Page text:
On August 8th, 2018, the Argentine Senate rejected the bill of voluntary interruption of pregnancy. 38 senators (against 31) opposed to legal, safe and free abortion, which already had a half sanction from the Chamber of Deputies. 38 senators, and through them, the Argentine State, opposed to accept the decision of each person and each woman about her body and about her life; they opposed to guarantee dignified conditions for that decision, they opposed to protect each person and each woman that they represent. In this way they ratified the direct responsibility of the State in the deaths and sufferings that entails the illegality and the precariousness imposed; they ratified a state policy of inequality and marginalization; they ratified an exclusive and exclusive State; they ratified a dependent State, dependent on religious beliefs, dependent on ecclesiastical leaders; they ratified an archaic State; they ratified a patriarchal and macho state; They ratified a State that we do not want, a State that we do not constitute and that does not constitute us.
Many of the speeches that preceded the voting revealed no longer ideological differences or differences in the conceptions of state policy that can be debated within the framework of a Senate. They reveal above all a representational body characterized by foolishness, ignorance, denial and, worse still, characterized by confessional criteria of a minority: the one of religious fundamentalism that spreads and worryingly extends its political and economic power in the region.
The voting day of the bill IVE in the Argentine Senate showed an abysmal gap between two bodies: the representational body within the precinct and the political body outside it, that of the struggles and forces that pre- and post-August 8th and exceeding national limits.
Being part of these forces, the RedCSur, opens here a space of visibility for testimonies and contributions from different parts of the continent, to continue thinking and affirming the struggles for abortion and the irreversible advance of its social decriminalization, because the failure was not only a failure for Argentina, but a message for the entire region.
We added an intervention in the parliamentary debate in Argentina by the sociologist Nayla Vacarezza, who has also specialized in intersections between art and activism for the right to abortion. The text “Escuchen el murmullo de esta revolución” raises the need to make intelligible the different and heterodox ways of feeling about abortion that until recently lacked public expression, and seeks to denaturalize the codification of abortion as an exclusively traumatic experience. The text is accompanied by the image of the feminist wave by Mela Rebalsa collective.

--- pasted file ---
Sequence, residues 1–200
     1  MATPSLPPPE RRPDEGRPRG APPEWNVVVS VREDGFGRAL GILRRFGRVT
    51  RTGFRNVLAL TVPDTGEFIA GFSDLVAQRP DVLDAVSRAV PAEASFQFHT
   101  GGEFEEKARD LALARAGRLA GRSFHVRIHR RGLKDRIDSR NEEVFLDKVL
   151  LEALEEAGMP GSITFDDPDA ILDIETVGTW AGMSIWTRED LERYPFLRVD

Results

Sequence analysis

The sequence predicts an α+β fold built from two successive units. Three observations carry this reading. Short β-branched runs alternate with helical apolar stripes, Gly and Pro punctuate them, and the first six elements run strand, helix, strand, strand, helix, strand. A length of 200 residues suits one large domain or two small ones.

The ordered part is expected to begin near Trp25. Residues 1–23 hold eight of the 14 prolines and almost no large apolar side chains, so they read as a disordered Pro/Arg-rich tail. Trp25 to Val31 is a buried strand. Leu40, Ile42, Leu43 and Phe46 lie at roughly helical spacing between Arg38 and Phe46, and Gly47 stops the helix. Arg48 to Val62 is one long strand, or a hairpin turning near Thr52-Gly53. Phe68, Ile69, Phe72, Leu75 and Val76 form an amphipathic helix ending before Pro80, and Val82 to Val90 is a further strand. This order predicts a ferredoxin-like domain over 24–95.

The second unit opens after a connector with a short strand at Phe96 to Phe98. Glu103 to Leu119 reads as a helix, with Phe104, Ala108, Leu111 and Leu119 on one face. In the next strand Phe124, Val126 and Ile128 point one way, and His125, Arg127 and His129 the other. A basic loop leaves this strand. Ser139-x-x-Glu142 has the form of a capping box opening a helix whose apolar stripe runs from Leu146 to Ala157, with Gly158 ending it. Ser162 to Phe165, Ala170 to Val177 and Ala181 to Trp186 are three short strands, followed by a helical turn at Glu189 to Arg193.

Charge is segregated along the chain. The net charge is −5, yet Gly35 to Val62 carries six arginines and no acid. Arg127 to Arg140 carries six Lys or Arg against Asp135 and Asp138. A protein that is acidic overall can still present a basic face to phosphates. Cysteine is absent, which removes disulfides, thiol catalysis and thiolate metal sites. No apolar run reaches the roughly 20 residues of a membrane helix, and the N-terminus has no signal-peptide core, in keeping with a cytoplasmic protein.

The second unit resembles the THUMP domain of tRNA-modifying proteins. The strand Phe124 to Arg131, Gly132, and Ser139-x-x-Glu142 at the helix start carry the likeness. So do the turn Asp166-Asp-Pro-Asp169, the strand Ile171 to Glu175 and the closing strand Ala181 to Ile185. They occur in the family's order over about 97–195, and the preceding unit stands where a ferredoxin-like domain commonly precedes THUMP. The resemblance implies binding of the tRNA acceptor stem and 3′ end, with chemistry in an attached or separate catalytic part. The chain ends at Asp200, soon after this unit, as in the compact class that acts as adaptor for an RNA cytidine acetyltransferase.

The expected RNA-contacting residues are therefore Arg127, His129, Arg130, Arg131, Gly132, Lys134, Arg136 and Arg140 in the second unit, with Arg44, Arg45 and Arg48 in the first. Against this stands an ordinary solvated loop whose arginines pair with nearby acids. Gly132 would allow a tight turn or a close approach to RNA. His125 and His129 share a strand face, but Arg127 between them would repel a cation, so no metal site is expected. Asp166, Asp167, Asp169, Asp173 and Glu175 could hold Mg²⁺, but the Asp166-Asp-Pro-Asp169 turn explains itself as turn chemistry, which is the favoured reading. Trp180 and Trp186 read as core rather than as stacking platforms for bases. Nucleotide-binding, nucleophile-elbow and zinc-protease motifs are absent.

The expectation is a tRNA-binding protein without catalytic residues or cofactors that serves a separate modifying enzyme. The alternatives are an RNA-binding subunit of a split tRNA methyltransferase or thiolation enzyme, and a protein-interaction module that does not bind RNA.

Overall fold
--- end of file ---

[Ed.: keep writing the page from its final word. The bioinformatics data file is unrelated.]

We also include the text “They Are Afraid of Us” by Verónica Gago, written from the pulse of the massive protest march on August 8 in Buenos Aires. The text revives the historic day showing how the feminist force in the streets made tremble the hierarchy between the public (as a male space of deliberation and political action) and the private (as female domestic confinement) that protects the patriarchal order, disrupting politic cartographies and leaving in evidence the symptoms of a senatorial speech that saw its pacts and privileges threatened. An essential text to replicate the political force of a movement that does not yield to a deaf political class that turns its back on the street, a movement that came to stay. The text is accompanied by images of the Argentine photographer Gala Abramovich.
From the Chilean context, where in the last march of July 25, three women were stabbed and anti-abortion groups deployed a canvas asking for the sterilization of women and spilling animal blood on public roads, we included the text “El momento del aborto libre“, by Karen Glavic. This text points out different temporalities of the fight for abortion and proposes to think about the claim for free abortion as a chance to run the fence of the possible that has delimited the political during the neoliberal post-dictatorship in Chile, by betting on “a project of demercantilización of the society, that also can be a recovery of the bodies that never is totally individual “, as it asks the liberal policy.
We share the text “La polémica en torno al aborto y el derecho a la salud en México” by the Mexican researchers, Lucía Melgar and Susana Lerner, who critically review the discussion for the legalization of abortion in Mexico, systematizing the framework of pro-rights and anti-rights proposals. As a starting point of their analyses they take the case of Martha Patricia Martínez, who in 2016 was convicted of having had an abortion spontaneous in the city of Veracruz, which is reiterated in the debates that go through many of the countries of Latin America and the Caribbean. The text is accompanied by a series of images of mobilizations for the abortion during the eighties and images of current demostrations by Monica Meyer and Maris Bustamante.